So Cold and the second Mosely find Drakeo’s approach fully realized. Where “mumble rap” became a pejorative used to deride melody-driven rappers out of Atlanta, the term could more appropriately apply to Drakeo, who wrote and delivered lines as if they’re private jokes whispered to a friend or a running monologue muttered to himself. There is a contradiction at the heart of this style that makes it durable and consistently surprising: While the syntax suggests many lines are afterthoughts, and while verses and runs within verses often begin on strange parts of the beat, they inevitably reveal the sophisticated architecture holding his songs together. Passages that seem at first to be completely unmoored from a song’s rhythm track eventually lock into previously unseen pockets, recasting the beat as source code for the rapper to rewrite as he sees fit.
These tapes made Drakeo a rising star in L.A.’s underground and turned his friends, who were now calling themselves the Stinc Team, into one of the city’s most interesting rap collectives. (Second in command was his younger brother, Devante, who had rechristened himself Ralfy the Plug.) But that momentum would soon be interrupted. In January 2017, the sheriff’s department raided Drakeo’s apartment on Aviation Boulevard, near LAX. They arrested Drakeo along with several family members and friends, including Ralfy. Detectives also seized guns, which they were hoping to tie to an unsolved 2016 murder in Carson. Drakeo spent almost all of 2017 behind bars on gun and gang charges. (At this time, he had not been charged in connection to the Carson shooting.) On the outside, his music was gaining more and more traction; inside MCJ, he was dogged by neighborhood rivals and wired informants trying to elicit confessions.
He was released in November 2017 and practically moved into the studio; in just ten days, he would record Cold Devil, the album — largely written in MCJ — that stands as not just his masterpiece but the defining record for this era of L.A. street rap. As a vocalist, he was deepening the grooves that Mosely 2 and So Cold first wore in. He could be more guttural than ever before but also airier, more weightless; his voice could be wispy in the micro but muscular when taken in the whole, as if only the silhouette of normal speech remained. Cold Devil is also the album that introduced an even wider audience to the slang Drakeo so slyly deployed and expanded throughout his career: Guns with extended clips naturally became Pippi Longstockings, and home invasions —a Stinc Team specialty — became “flu-flamming.”
While his music often hinges on menace, phraseology like that lets slip the playfulness that underlines so many Drakeo songs. He was not only inventing terminology but pulling equally strange turns of phrase from ’50s game shows and ’90s childrens’ books; after MF DOOM, he is the rapper most likely to punctuate a verse with “Zoinks!” Cold Devil synthesized this unlikely raw material — the disparate bits of obscure vocabulary, the cryptic recollections of crimes petty and unspeakable, the sound of the crumpling hundred-dollar bills he sometimes stood on while he recorded — into an enthralling mission statement.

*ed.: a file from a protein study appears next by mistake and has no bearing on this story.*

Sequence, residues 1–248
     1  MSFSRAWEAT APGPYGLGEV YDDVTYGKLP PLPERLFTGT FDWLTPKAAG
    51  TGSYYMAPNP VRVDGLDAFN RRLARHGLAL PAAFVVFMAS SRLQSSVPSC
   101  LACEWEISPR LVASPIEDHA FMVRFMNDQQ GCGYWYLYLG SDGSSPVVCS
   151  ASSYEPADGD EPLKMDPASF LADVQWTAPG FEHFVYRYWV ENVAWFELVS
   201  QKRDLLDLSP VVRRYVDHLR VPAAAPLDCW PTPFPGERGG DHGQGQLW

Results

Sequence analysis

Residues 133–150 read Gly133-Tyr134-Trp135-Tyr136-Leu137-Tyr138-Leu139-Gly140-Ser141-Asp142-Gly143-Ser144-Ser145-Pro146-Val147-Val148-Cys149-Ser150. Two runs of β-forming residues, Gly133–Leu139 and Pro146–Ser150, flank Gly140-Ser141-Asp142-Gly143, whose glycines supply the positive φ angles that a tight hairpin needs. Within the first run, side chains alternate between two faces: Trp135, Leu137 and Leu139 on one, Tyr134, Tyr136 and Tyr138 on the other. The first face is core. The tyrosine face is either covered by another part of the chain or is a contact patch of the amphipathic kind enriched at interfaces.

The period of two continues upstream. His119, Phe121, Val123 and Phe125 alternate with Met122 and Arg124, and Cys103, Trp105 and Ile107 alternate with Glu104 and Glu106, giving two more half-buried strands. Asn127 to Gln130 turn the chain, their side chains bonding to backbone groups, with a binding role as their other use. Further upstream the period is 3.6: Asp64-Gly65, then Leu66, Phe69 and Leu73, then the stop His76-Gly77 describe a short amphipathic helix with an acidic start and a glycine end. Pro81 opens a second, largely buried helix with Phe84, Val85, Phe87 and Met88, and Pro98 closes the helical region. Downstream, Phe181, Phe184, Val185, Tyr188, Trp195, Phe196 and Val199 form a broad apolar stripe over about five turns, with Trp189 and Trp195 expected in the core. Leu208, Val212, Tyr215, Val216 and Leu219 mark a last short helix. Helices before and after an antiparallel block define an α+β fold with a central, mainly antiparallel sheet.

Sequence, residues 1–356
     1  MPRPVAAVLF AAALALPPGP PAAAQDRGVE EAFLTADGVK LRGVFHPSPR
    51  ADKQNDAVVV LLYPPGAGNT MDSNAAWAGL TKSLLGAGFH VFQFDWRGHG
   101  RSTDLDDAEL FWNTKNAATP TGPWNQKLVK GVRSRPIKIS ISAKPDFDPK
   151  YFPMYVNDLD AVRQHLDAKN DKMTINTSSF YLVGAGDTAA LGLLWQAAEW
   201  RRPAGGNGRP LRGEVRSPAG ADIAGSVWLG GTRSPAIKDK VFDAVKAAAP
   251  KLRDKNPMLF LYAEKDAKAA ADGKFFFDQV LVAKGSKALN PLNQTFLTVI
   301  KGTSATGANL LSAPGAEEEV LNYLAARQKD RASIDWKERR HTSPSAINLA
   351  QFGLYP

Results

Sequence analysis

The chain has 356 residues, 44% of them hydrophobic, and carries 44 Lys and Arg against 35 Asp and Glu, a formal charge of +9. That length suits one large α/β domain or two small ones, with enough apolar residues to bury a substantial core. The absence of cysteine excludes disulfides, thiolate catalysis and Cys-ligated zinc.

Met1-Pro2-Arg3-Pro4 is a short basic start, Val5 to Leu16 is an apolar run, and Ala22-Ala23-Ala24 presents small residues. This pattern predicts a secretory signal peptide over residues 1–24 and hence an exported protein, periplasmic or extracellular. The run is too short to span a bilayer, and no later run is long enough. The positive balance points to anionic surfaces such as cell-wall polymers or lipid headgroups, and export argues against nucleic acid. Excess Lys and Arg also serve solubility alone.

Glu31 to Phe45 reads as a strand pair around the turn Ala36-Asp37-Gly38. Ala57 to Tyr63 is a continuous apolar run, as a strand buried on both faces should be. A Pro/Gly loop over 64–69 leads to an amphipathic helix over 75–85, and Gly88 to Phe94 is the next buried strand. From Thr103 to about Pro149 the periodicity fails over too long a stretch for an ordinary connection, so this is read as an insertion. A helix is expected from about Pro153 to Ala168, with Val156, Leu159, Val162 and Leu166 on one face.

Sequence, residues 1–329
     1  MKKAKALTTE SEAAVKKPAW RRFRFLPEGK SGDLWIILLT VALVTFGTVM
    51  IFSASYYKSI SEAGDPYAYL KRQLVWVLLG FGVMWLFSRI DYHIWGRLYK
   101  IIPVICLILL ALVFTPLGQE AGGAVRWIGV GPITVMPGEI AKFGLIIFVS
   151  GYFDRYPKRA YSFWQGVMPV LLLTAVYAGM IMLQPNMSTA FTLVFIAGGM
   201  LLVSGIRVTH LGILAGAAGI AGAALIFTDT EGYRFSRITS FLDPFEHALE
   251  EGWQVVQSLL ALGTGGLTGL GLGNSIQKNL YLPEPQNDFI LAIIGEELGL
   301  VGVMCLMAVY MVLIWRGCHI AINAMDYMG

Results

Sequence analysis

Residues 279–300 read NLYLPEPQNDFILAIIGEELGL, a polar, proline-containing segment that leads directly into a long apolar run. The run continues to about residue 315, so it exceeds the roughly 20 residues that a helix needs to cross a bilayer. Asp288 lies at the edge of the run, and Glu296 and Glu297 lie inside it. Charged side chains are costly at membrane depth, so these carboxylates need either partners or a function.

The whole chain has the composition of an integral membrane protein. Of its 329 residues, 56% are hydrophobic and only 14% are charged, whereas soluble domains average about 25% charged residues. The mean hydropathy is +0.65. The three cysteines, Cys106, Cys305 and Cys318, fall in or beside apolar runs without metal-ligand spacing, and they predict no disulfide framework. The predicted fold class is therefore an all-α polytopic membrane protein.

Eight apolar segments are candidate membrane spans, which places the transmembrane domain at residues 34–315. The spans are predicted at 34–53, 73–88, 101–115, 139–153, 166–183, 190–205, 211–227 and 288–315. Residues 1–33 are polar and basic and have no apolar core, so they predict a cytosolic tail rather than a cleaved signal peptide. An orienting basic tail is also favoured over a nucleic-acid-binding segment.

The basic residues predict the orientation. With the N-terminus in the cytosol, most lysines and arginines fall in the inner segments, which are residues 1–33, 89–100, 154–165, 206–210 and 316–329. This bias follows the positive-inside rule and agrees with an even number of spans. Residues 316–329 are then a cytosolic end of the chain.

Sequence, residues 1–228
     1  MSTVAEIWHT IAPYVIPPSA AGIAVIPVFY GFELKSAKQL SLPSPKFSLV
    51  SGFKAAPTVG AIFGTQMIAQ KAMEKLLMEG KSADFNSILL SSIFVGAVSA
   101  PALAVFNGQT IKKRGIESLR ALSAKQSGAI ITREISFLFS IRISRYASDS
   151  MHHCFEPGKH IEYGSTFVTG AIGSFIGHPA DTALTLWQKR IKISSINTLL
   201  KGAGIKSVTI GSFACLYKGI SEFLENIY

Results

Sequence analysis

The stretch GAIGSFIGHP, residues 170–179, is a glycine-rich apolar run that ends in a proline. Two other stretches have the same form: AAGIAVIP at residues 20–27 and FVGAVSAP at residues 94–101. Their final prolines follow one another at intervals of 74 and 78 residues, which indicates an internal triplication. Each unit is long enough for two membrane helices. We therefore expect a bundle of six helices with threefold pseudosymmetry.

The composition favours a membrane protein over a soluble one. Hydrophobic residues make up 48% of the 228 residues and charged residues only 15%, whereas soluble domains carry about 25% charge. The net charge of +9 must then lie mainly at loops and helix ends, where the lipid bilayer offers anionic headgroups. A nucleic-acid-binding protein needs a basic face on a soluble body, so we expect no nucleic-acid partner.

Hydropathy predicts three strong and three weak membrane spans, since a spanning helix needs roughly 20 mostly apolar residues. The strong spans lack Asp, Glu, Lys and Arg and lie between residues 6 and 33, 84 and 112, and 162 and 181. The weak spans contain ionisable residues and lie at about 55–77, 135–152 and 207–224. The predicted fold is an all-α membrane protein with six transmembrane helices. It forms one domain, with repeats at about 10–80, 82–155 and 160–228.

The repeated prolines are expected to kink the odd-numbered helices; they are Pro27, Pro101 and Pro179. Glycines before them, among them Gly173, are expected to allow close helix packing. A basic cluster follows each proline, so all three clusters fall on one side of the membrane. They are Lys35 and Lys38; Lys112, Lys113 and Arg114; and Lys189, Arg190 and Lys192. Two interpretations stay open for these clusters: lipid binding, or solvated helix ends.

As Drakeo suspected, though, his freedom was fleeting. In March 2018, after just five months on the outside, he was again arrested, this time charged with special circumstances first-degree murder, attempted murder, and conspiracy to commit murder. All charges stemmed from that 2016 shooting in Carson, which left one man dead and two injured. The deceased was Davion Gregory, better known in some parts of L.A. as Red Bull, a prominent member of the Inglewood Family Bloods. Surreptitious jailhouse recordings suggested that the shooter was 17-year-old Jaidan Boyd, a Rollin 40s Crip. Another recording hears a snitch trying and failing to get Boyd — who incriminates himself during the conversation — to pin the shooting on Drakeo; Boyd does not, saying only that he was relieved when people noted online that Drakeo’s recognizable Mercedes was in the parking lot where the shooting occurred. Boyd implicates just himself and Mikell Buchanan, another Crip known as Kellz.
Despite this information, which they went to great pains to secure, the state — led by LASD detective Francis Hardiman — was evidently desperate to pin the killing on Drakeo. Afer Drakeo’s release in 2017, Hardiman seemed to become fixated on the rapper, who taunted the police on record and in his videos. Hardiman argued that Gregory’s murder was actually the consequence of a plot by Drakeo to stake out and murder RJ, whom he had observed Drakeo bickering with online. This convoluted theory — which ignores the much simpler Rollin 40s–Families beef, and which RJ himself rejects out of hand — would keep Drakeo locked up for more than two and a half years and force him to stare first the death penalty, and then life imprisonment two different times.